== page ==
Emergency Savings Accounts Could Be Next Big Thing for Employers
By Madison Alder
Fido needs surgery and that vet bill will be hefty. There’s money in my 401(k), so I’ll just use some of that. It won’t hurt, right?
When the need for emergency funds comes up, as it does for many Americans, taking a hardship withdrawal from the 401(k) plan can look like an attractive option. And that’s led to more and more people taking money out of retirement funds without paying it back. This is known as leakage.
A group of researchers will be exploring how leakage can be stopped if employers sponsor emergency savings accounts for their workers.
Employees may be more inclined to save for both retirement and emergencies if there’s an account available specifically for emergency use, J. Mark Iwry, a former senior adviser in the Treasury Department and one of six researchers working on the report, said May 11. Iwry, a nonresident fellow of economic studies at the Brookings Institution, was speaking at the American Bar Association’s Tax Section conference in Washington.
Meanwhile, the tax law signed in February loosens the evaluation requirements for employers considering employees’ 401(k) hardship withdrawal requests. A regulation is due within a year of the law’s enactment.
Many employees don’t use a 401(k) option out of fear that their savings will be out of reach in the event of an emergency, Iwry said. For some of those who do have 401(k) plans, leakage will reduce them. It’s by no means an epidemic, but “there’s more leakage than we’d prefer,” Iwry said.
Separate From or Linked to 401(k) Plans
In an effort to solve this problem, he said, employers might try offering employees an emergency savings account—either separate from or attached to the 401(k)—specifically designed to be used in emergencies. The researchers are currently looking for employers to share their thoughts and test these methods out, Iwry said.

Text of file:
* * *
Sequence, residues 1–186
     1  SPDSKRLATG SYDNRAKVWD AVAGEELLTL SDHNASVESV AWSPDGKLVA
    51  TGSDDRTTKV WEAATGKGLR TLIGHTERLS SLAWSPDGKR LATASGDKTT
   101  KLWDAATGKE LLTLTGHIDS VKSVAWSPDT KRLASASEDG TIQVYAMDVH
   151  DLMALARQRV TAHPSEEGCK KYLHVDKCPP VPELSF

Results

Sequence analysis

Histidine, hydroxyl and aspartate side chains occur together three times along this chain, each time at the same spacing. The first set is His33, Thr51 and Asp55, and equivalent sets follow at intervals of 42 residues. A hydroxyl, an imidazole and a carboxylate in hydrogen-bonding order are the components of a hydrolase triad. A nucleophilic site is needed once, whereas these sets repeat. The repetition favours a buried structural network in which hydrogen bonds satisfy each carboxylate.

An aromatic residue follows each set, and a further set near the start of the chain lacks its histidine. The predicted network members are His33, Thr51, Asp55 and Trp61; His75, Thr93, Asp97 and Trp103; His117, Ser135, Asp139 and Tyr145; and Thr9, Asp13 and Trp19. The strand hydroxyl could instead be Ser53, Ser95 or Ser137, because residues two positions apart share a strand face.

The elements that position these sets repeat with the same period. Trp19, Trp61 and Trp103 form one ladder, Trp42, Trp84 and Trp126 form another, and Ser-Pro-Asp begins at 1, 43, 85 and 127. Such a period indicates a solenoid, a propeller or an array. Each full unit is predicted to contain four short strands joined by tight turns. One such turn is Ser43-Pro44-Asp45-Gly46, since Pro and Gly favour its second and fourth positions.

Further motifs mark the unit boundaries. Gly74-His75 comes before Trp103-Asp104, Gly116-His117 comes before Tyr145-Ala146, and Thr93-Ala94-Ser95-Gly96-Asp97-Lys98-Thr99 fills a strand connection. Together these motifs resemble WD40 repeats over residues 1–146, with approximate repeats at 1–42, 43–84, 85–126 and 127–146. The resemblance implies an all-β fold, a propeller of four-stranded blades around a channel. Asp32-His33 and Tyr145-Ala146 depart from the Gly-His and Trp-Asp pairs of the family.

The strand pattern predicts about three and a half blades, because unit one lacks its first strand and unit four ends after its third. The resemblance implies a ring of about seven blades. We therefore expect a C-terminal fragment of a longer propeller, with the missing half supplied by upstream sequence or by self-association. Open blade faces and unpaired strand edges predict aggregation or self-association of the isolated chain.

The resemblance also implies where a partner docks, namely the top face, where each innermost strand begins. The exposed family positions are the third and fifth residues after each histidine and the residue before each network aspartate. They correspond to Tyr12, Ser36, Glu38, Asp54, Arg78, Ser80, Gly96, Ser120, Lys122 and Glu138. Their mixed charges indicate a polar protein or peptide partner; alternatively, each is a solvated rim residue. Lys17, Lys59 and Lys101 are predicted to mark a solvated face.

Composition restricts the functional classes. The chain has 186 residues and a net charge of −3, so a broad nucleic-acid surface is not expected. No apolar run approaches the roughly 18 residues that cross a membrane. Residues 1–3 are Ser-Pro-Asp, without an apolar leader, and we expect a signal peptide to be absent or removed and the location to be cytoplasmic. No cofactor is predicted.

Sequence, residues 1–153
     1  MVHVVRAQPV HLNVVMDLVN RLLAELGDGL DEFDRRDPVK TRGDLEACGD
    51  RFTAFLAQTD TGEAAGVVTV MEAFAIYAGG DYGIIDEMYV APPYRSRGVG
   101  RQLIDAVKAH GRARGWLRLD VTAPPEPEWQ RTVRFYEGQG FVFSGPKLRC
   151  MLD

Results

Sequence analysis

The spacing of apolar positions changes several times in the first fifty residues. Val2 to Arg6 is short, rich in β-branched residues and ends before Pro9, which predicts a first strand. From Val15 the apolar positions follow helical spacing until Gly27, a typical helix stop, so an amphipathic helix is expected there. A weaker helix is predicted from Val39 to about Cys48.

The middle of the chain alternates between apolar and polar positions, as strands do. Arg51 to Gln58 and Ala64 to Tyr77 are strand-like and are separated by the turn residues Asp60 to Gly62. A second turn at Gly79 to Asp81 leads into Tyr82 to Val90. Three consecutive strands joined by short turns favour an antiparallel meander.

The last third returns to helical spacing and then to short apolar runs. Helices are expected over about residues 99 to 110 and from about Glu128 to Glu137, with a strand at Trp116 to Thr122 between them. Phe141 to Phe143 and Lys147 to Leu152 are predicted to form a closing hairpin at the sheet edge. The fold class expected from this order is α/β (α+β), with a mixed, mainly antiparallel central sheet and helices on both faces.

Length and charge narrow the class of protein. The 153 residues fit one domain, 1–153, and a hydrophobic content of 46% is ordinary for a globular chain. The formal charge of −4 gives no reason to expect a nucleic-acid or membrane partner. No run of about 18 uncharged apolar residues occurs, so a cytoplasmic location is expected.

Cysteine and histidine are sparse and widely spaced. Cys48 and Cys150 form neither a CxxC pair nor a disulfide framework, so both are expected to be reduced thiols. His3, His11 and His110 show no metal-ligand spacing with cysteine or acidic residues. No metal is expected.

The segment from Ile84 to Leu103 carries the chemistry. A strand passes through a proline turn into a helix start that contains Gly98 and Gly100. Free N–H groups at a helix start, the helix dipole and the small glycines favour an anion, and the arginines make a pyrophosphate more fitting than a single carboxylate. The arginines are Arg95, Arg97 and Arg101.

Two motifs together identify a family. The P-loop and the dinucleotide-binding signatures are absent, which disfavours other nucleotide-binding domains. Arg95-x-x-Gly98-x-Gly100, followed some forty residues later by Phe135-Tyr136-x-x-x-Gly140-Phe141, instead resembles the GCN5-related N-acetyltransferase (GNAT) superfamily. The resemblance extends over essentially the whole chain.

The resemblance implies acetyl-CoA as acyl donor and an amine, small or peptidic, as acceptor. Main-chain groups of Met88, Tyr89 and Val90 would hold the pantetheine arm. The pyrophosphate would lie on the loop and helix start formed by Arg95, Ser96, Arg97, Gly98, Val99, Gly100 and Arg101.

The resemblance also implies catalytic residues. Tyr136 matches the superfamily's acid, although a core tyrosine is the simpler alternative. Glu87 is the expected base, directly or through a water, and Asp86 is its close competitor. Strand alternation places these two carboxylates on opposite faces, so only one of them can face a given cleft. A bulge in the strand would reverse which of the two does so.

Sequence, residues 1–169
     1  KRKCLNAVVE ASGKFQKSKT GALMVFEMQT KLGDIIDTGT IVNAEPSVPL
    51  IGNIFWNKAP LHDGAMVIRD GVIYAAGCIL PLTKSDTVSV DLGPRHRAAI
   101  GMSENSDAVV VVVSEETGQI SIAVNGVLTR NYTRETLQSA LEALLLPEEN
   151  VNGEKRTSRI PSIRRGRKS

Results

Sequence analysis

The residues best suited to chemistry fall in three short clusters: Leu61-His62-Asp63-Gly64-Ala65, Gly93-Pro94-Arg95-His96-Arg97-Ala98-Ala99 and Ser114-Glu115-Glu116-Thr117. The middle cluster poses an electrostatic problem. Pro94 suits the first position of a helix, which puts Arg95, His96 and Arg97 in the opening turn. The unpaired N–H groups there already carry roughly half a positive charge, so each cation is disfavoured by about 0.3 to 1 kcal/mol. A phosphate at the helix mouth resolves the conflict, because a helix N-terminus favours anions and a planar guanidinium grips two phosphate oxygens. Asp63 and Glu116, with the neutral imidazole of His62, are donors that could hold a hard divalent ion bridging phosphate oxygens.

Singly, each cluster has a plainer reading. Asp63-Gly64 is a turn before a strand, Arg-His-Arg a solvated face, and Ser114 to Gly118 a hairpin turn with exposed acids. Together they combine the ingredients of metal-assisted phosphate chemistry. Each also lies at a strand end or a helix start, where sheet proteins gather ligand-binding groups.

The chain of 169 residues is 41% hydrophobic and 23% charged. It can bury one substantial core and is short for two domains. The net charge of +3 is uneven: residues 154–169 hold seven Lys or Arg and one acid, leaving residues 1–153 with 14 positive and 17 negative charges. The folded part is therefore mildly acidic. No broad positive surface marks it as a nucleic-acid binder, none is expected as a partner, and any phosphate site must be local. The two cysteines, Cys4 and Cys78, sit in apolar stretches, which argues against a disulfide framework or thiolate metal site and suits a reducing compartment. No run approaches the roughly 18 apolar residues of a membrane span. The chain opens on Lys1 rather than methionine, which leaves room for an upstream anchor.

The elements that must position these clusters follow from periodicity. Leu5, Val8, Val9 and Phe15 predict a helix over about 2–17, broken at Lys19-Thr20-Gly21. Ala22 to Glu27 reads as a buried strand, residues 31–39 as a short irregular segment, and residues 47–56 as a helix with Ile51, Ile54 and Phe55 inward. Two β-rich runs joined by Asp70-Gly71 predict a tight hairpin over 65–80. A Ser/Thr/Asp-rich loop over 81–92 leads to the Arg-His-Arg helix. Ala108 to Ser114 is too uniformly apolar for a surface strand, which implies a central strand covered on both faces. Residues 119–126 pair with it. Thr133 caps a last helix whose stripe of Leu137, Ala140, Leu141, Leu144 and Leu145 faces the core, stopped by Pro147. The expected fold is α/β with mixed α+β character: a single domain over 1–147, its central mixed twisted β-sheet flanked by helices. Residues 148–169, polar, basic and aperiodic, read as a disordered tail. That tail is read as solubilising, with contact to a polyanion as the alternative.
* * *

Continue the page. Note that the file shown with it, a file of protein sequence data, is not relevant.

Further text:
The study was prompted by the fact that many American families are living paycheck to paycheck, he said. About 44 percent of Americans surveyed by the Federal Reserve in a 2017 study said they would have to borrow money or sell something if an emergency arose.
“That financial vulnerability might be addressed in part by an emergency savings or rainy day savings account,” Iwry said. “That could help people cope with these economic shocks and also free them up to save for retirement without concern that doing so would lock up their savings and make it unavailable for emergencies.”
The other researchers on the study are David Laibson, an economics professor at Harvard; Brigitte C. Madrian, a public policy and corporate management professor at Harvard; David John, a senior strategic policy adviser at the AARP Public Policy Institute; James J. Choi, a finance professor at Yale; and John Beshears, an associate professor at Harvard.
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